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Re: Shared Public Knowledge

From: Stephen Farrell <stephen.farrell@cs.tcd.ie>
Date: Thu, 12 Apr 2007 10:27:13 +0100
Message-ID: <461DFB71.8050602@cs.tcd.ie>
To: Chuck Wade <Chuck@Interisle.net>
CC: michael.mccormick@wellsfargo.com, public-wsc-wg@w3.org

There is inertia, but that's not, e.g. a reason to annoint something
as good or inevitable. Perhaps it is a reason to push back to the
extent that that'd help.

There are also geographic variations in the amount of inertia, e.g.
our east coast is not yours; other places are, I believe, even less
like any of your coasts (in terms of legislated privacy protection).

Basically, what I dislike technically about these schemes is that
since each bank's (or, worse, service provider's) DB can be used to
try spoof me to anyone else that uses such a scheme, then any site
requiring such a scheme is potentially broadly threatening to me (as
a user). Same as with biometrics - I only have 10 fingers and a
small number of mothers-in-law's (1 in my case:-) and changing any
of those is way too hard. Weak passwords +/- funny handshakes are
way better in that respect.

Bottom line I think is that any text about this stuff would have
to contain quite a bunch of caveats.


Chuck Wade wrote:
> Stephen,
> I certainly share your sentiment, and your points are valid. However, 
> there is so much inertia behind knowledge-based queries that decrying 
> the problems with privacy and ineffectiveness are likely to be dismissed 
> by most financial services providers and the vast industry that has 
> emerged to serve this need. My observations are that many serious-minded 
> people in the financial industry see the problems with knowledge-based 
> queries, but it's hard to fight a system that has become so integral to 
> the way everything is done.
> The reality is that people will use what works--or what they /think/ 
> works. Unless preferable alternatives are presented, this W3C group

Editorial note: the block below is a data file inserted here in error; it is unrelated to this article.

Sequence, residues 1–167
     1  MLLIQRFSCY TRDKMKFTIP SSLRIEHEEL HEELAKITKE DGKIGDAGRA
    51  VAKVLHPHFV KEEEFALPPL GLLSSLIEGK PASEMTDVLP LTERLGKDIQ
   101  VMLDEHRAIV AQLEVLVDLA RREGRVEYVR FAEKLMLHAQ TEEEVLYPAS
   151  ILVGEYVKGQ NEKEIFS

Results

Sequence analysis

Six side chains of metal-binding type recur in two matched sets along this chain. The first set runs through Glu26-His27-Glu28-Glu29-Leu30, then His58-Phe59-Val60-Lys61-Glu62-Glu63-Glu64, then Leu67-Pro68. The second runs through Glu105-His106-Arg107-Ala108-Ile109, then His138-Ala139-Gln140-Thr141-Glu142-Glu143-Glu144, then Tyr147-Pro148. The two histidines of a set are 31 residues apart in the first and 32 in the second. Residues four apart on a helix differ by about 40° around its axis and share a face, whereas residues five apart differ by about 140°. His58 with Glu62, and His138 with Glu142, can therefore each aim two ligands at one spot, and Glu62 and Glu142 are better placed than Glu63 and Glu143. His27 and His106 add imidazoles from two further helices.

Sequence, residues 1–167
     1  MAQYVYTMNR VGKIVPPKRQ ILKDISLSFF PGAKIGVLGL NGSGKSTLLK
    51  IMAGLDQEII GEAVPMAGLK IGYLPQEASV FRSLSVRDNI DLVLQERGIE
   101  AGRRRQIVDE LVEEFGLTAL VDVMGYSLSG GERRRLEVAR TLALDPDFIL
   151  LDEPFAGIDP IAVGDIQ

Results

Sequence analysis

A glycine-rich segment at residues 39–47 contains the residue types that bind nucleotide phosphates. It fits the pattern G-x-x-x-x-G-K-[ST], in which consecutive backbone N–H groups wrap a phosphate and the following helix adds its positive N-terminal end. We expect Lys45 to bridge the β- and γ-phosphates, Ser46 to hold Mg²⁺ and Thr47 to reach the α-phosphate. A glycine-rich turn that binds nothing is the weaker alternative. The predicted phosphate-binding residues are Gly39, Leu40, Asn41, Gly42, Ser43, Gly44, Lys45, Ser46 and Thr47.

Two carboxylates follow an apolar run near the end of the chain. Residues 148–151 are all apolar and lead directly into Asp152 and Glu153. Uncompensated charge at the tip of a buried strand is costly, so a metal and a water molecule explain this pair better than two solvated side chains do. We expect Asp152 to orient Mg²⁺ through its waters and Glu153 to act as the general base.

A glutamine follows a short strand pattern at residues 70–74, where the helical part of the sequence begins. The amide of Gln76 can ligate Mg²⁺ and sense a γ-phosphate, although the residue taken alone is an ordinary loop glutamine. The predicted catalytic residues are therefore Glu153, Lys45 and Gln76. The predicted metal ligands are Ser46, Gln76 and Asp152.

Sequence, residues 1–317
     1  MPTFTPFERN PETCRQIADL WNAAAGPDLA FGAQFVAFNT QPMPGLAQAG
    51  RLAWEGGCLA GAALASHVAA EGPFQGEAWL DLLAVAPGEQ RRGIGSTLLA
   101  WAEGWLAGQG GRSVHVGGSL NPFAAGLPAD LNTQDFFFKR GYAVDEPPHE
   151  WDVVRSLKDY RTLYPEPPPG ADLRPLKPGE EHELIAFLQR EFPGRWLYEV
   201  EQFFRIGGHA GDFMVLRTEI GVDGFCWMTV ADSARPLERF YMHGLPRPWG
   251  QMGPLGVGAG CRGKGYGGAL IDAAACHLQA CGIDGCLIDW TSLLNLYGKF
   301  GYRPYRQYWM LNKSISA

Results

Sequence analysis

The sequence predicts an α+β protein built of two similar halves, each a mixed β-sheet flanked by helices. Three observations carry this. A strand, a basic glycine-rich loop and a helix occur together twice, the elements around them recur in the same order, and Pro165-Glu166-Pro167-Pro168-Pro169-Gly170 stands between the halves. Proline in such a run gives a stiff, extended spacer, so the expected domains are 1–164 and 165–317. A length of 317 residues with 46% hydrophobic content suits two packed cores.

> could come across as another bunch of Northeast liberals railing against 
> perceived privacy threats. Not only might we be ineffective, we could 
> cause some to discount the value of our collective recommendations.
> A better strategy in my mind would be to develop improved ways for Web 
> sites and user agents to authenticate each other in the every day cases 
> that matter the most. The goal should be to reduce as much as possible 
> the need for reliance on knowledge-based queries to improve 
> authentication confidence. Then, the remaining uses would be for unusual 
> circumstances where the parties are just getting to know each other, 
> such as during an account opening transaction with a financial institution.
> Put another way, the real problem with authentication based on shared 
> knowledge is /not/ that it is used at all, but that it has become /used 
> way too much./ In the absence of workable Web security, it is 
> understandable that financial institutions under strong pressure to 
> protect their customers (and themselves) will use a resource at their 
> disposal. This is analogous to the farmer who diverts a little bit of a 
> river to irrigate his fields. One farmer, not a problem. But when the 
> river's banks become lined with farms all taking their little bit, this 
> resource becomes overtaxed, and everyone suffers. Such trends cannot be 
> reversed by merely discouraging use of the river for irrigation. 
> Instead, the farmers have to be given some viable alternatives before 
> they can afford to change their ways.
> ...Chuck
> _____________________________
>    Chuck Wade, Principal
>    Interisle Consulting Group
>    +1  508 435-3050  Office
>    +1  508 277-6439  Mobile
>    www.interisle.net
> Stephen Farrell wrote:
>> Just dipping in (and out:-) quickly, but I think this is an interesting
>> aspect to think about.
>> michael.mccormick@wellsfargo.com wrote:
>>> The much maligned Mother's Maiden Name is an example of weak KBA  
>>> but much stronger ones are possible using the enormous databases of 
>>> personal data that are available from brokers today.  So I think the 
>>> SPK "anti-pattern" would benefit from being softened a bit to 
>>> acknowledge there's a place for it under certain conditions.
>> While I agree with your overall point, I think the above paragraph
>> implies that such schemes are problematic since they depend upon, and
>> thus encourage, the collection of such databases. That has two problems,
>> first, authentication schemes that are privacy unfriendly like this
>> are (IMO) problematic, and second, they inherently create a very
>> nice target DB - a good bit worse than e.g. a weak shared secret DB
>> that's protected via EKE and maybe Ford-Kaliski sharing (sorry don't
>> have a reference to hand - ask PHB).
>> Stephen.
Received on Thursday, 12 April 2007 09:37:57 UTC

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